• What is SPF

    What is SPF

    The product “RIGIFOAM Closed Cell Polyurethane Sprayfoam” which THERMAMASTA install,is a Closed-Cell, Rigid Polyurethane version of ‘SPF’, With superior Thermal Insulation performance, when compared to other ‘SPF’ formulations.

  • Building Professionals

    Building Professionals

    Closed-Cell SPF is especially suited to be applied externally, and due to its seamless nature, is unmatched for its ability to perform these duties. But even a roof insulated from underneath.

  • Building Managers and Owners

    Building Managers and Owners

    Closed-cell Spray Polyurethane Foam (SPF) systems deliver longer life expectancy and lower lifecycle costs over traditional systems, while affording superior protection to the building.

  • Before & After

    Before & After

    Photos of before & after the project started and finished.

Chicken Loft Insulation

What happens when a poultry house is not insulated? Probably most of us would assume higher energy costs. Obviously this is right, although this is not the only one correct answer. Not only does insulation affect heating costs, but also other issues like feeding costs, mortality losses, meat quality etc.
In this paper is focused on poultry farms, as poultries are one of the more sensible animals and the number of stables all over Europe is very high. But all mentioned points are also true for other kind of animals (e.g. pigs).

If you don’t want to waste money you will go for…

1

Poultry genetic breeding has improved a lot during the last decade and this is the main reason why thermal insulation in poultry houses is a very necessary condition due to the specific and narrow temperature range to which animals have to be breed. This range moves from 30ºC during the first week to 24 ºC the third week.

How does the right insulation help farmer with their daily work?

21).- Energy losses: Deep internal body temperature of chickens is over 41ºC. Birds generate heat when they eat. Fullyfeathered birds actually produce excess heat, which their body must shed, thereby warming their surrounding. For this reason supplemental heat is usually needed except in early brooding period. Heating costs represent 5% of the farmer’s costs in Spain (figure 2).

2).- Environmental quality and mortality losses: In summer, when it’s too hot, the temperature inside the building rise up very fast and birds may die because of choking. While in winter, in a poorly ventilated farm, trying to maintain the temperature in order to not loose too much energy, windows must be closed and therefore the humidity of the bed will increase and as a consequence a lot of ammonia will be given off. This causes many breathing problems and therefore the quality of the chicken meat will decrease.

3).- Food intake, production and yield: The challenge is keeping birds from over heating nor from getting too cold. When animals overheat, they stop eating and therefore production and yields decreases as they need more time to achieve the desired weight. When it’s too cold, birds try to maintain the corporal temperature by eating more feed although the conversion is worst. All in all birds are less efficient in feeding terms.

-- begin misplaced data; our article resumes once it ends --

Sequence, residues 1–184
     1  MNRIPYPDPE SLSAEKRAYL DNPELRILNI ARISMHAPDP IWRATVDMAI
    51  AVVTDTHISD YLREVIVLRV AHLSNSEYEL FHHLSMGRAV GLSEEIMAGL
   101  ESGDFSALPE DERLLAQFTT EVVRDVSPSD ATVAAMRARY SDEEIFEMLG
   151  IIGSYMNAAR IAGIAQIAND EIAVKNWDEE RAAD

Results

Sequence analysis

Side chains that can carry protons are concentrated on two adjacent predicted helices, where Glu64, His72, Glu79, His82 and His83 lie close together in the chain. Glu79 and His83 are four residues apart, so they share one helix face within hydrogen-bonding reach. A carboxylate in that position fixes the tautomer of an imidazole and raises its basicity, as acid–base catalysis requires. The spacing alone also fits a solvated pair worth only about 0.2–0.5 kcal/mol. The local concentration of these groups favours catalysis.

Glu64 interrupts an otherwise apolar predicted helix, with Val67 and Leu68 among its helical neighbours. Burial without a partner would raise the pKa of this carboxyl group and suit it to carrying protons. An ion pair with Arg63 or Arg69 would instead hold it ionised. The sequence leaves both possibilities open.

Just as an example, in a 30.000 chicken farm having a difference of 5ºC (15ºC or 20ºC), in 21 days chickens will have eaten 85gr more of food and still have a weight of 25gr less. This means a loos of 1706 € in three weeks (816€ for the extra feed and 890€ for the chicken’s kg lost) and 3.385 € per growing period. (Source: G. Santomá y M. Pontes, XX Curso FEDNA. 2004)

Insulate for cost savings (payback time of investment): A case of two typical industrialized Spanish poultry farms (one insulated and one not insulated) was studied in order to determine the differences of the annual costs and the investment payback. 3Both buildings had a surface of 1.800m² and a capacity of 30.000 chickens but they were build up with different solutions: one of them without any kind of insulation, made by bricks (R=0.16) and fiber cement (R= 0.02), and the other with PIR sandwich panels (R=1.42) or fiber cement plus PU spray (R=1.09) in the ceiling and PIR sandwich panels (R=1.78) or bricks plus PU spray in the wall surface (R=1.36). The average temperature of 5 different growing periods along the year from the Spanish where there is more density of poultry farms were used as external temperatures in order to make the calculations of the heating costs as real as possible. The different investment costs as well as the different operating costs (including all costs like heating, feed stock, animals, electricity, water, disinfection, collection and others) were used to calculate the accumulated savings along the years and it was evidenced that the investment payback was around 2.5 years in the case of new buildings and around 4 years in the case of retrofit.

Conclusion: All in all with the right insulation system, we could (i) reduce production costs around 10% due to energy costs, lower mortality and better feed intake, (ii) raise yield and quality around 14% partly because 6.4 growing periods per annum could be done instead of 5.5 and (iii) last but not least reduce CO2 emissions around 20%.

Just as an example, in a 30.000 chicken farm having a difference of 5ºC (15ºC or 20ºC), in 21 days chickens will have eaten 85gr more of food and still have a weight of 25gr less. This means a loos of 1706 € in three weeks (816€ for the extra feed and 890€ for the chicken’s kg lost) and 3.385 € per growing period. (Source: G. Santomá y M. Pontes, XX Curso FEDNA. 2004)